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Where will Queen Elizabeth II be buried?

The burial of Queen Elizabeth will be the final event of her day-long funeral procession. Where will she be laid to rest?

The burial of Queen Elizabeth will be the final event of her day-long funeral procession. Where will she be laid to rest?

On Monday, after a day packed with processions, ceremonies, and services, the funeral of Queen Elizabeth II will end with her burial at St. George’s Chapel, which sits on the grounds of Windsor Castle.

More specifically, the Queen will be buried at King George VI Memorial Chapel, which forms part of St. George’s. The chapel was built for Queen Elizabeth II’s father, King George VI, and is the resting place of many within the royal family, including the late King, his wife, Queen Elizabeth (Queen mum), and their daughter Princess Margaret.

Although Prince Phillip, the Duke of Edinburgh, passed away in April 2021, his remains have been kept in the chapel’s royal vault and will be placed in King George VI Memorial Chapel with his wife on Monday.

When was King George VI Memorial Chapel commissioned?

The King Charles VI Memorial Chapel was commissioned by Queen Elizabeth II ten years after she took over the thrown in 1962. When the project was completed, the body of King George VI was exhumed and moved into the chapel in 1969.

Along with being one of the most famous royal burial grounds, St. George’s Chapel has also been the place of many more happy memories. In 2018, Prince Harry and Meghan Markle were married at the chapel before they would leave royal life just a few years later. In 2005, the then-controversial marriage between now King Charles III, then a prince, and his second wife, Camilla Parker Bowles, took place at St. George’s. In the more than fifteen years since their wedding, the perception of the couple has improved dramatically. One of the Queen’s final wishes was that Camilia become queen consort when Charles became king.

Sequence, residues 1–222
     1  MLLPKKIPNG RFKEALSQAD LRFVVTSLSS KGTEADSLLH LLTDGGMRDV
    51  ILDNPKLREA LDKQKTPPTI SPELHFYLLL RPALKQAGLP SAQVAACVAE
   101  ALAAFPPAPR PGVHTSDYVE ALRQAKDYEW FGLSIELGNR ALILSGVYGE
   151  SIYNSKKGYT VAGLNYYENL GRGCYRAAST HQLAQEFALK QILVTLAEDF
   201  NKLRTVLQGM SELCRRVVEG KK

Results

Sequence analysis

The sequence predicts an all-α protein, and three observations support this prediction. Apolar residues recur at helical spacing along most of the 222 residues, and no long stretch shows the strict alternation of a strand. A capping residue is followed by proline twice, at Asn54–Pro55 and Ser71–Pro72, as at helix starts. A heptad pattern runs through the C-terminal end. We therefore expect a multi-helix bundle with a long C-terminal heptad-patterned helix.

When was the St. George’s Chapel constructed?

The church’s origins can be traced to the 1300s when King Edward III founded two religious colleges: St Stephen’s at Westminster and St George’s at Windsor. The college at Windsor was attached to a chapel, which pails in comparison to what later would be built in its place.

In 1475 under the reign of King Edward IV, reconstruction began, only to be completed in 1528, well after the king’s death. The chapel was enlarged, which ushered in a new era for the church and made it a centerpiece of royal life. King Edward IV was the first king to be buried at St. George’s, followed by King Henry II and King Henry III, who ensured that the chapel’s construction continued under their reign.

Now, Queen Elizabeth II joins these and other monarchs as her supporters bid her farewell after more than seventy years on the throne.


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